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Investor concern over Bombardier spending pushes shares lower

Bombardier employees look at the C Series aircraft, after its first test flight in Mirabel, Quebec, September 16, 2013.


Investor concern over a surge in the company's use of cash in the first quarter pushed Bombardier Inc. shares lower even as senior management said spending is under control and there are no liquidity problems.

The Montreal-based plane and train maker burned through $915-million (U.S.) in the first quarter, almost double the $590-million spent in the same period a year ago.

Bombardier has been investing heavily in new projects, including the new C Series commercial jet and the Learjet 85 business jet; it has encountered a series of delays and technical problems on those projects.

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"Over all, we view these results negatively, mainly due to the significant and unexpected [free cash flow] usage in the quarter," RBC Dominion Securities analyst Walter Spracklin said in a research note Thursday.

Available short-term capital at the end of the first quarter stood at $3.9-billion, down from $4.8-billion at the end of last year.

Bombardier shares were trading at $4.19 (Canadian) on the Toronto Stock Exchange early Thursday afternoon, down 22 cents or almost 5 per cent, after falling by as much as 8.2 per cent to $4.05 in earlier activity.

Bombardier chief financial officer Pierre Alary said on a conference call for analysts and media Thursday that the company is comfortable with its liquidity status and is sticking to guidance of $1.6-billion to $1.9-billion in aerospace capital expenditures this year.

"We have ample liquidity to meet our plan," he said, adding that spending is expected to ease off in future quarters.

Bombardier president and chief executive officer Pierre Beaudoin said on the call that the company has a record backlog of $76.9-billion, up from $69.7-billion in the year-earlier period, positioning the manufacturer for "strong revenue growth over the next five years."

Mr. Beaudoin also said he's confident the company will reach its target of 300 firm orders for the C Series by the time of the plane's entry into service, planned for mid-2015.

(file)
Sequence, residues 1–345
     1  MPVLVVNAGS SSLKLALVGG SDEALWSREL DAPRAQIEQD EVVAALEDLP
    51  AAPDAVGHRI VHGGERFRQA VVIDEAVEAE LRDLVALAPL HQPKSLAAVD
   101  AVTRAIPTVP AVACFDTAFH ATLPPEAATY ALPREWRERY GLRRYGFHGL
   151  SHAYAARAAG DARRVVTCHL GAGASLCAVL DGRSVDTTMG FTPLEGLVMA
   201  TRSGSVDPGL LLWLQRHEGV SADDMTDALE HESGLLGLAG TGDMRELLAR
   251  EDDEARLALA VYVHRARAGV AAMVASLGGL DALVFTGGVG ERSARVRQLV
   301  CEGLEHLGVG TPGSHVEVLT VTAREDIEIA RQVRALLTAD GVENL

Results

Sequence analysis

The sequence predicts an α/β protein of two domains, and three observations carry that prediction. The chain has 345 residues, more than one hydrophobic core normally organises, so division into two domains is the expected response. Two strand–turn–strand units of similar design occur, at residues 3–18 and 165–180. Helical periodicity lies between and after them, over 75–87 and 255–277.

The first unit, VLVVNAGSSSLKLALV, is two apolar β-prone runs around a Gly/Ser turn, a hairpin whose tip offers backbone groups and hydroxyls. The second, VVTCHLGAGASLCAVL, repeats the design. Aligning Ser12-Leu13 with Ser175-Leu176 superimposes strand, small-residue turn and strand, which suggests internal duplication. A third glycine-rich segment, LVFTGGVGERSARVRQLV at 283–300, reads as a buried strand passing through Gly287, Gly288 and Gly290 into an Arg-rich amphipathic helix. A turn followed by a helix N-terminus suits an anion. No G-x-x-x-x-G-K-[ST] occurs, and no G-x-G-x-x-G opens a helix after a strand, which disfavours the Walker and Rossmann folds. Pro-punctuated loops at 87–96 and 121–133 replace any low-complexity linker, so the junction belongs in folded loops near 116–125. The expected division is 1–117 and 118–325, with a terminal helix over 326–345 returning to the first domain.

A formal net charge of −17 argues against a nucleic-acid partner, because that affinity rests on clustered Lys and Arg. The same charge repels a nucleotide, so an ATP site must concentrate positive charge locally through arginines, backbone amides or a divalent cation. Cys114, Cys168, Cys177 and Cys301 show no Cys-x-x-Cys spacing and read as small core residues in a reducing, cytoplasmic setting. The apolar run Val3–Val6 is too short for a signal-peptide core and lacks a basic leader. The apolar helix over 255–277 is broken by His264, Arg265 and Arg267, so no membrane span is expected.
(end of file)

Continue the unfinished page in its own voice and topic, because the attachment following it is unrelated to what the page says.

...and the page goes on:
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The Montreal-based plane and train maker said profit in the first quarter was $115-million (U.S.) or 6 cents per share, compared with $148-million or 8 cents in the year-earlier period.

On an adjusted basis, earnings were $151-million or 8 cents a share, compared with $156-million or 8 cents a year ago.

Revenue in the first quarter came in at $4.4-billion, compared with $4.3-billion in the same period last year.

The $4.4-billion in revenue fell short of analysts' estimate of $4.59-billion.

Industry analysts anticipated earnings-per-share of 8 cents for the quarter.

The rail division booked a record $8-billion in orders in the quarter, up from $2-billion in the year-earlier period.

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Bombardier Transportation – the company's rail unit – posted revenue of $2.3-billion, up from $2.1-billion in the first quarter.

The world's third-largest civil aviation manufacturer said it took in 91 aerospace orders in the quarter, up from 28 in the same period last year.

Bombardier Aerospace delivered 56 aircraft in the quarter ended March 31, 2014, up slightly from 53 for the same period last year.

Of the 56 planes, 43 were business jets – up from 39 a year ago – and 13 were commercial aircraft, unchanged from last year.

Mr. Beaudoin said on the conference call the C Series program is on track, with 280 hours of flight testing so far.

"I feel very confident about 300 units before entry into service," he said.

So far, Bombardier has 203 firm orders and "we have quite a few very active campaigns" on the sales front, he said.

"We're satisfied with our first-quarter results and we're on track to meet our full-year guidance for 2014," said Mr. Beaudoin.

"We achieved important milestones such as the successful maiden flight of the Learjet 85 in April and we received a record $8-billion of new orders at Bombardier Transportation."

C Series flight testing has now reached the maximum altitude of 12,497 metres – 41,000 feet – and maximum operating speed of Mach 0.82 or 871 kilometres per hour, said Bombardier.

A fourth flight test vehicle – FTV4 – is expected to make its first flight in the coming weeks, said the company.

Also on Thursday, Bombardier Transportation said it has acquired Australian signalling company Rail Signalling Services (RSS), for an undisclosed amount.

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About the Author
Quebec Business Correspondent

Bertrand has been covering Quebec business and finance since 2000. Before joining The Globe and Mail in 2000, he was the Toronto-based national business correspondent for Southam News. He has a B.A. from McGill University and a Bachelor of Applied Arts from Ryerson. More


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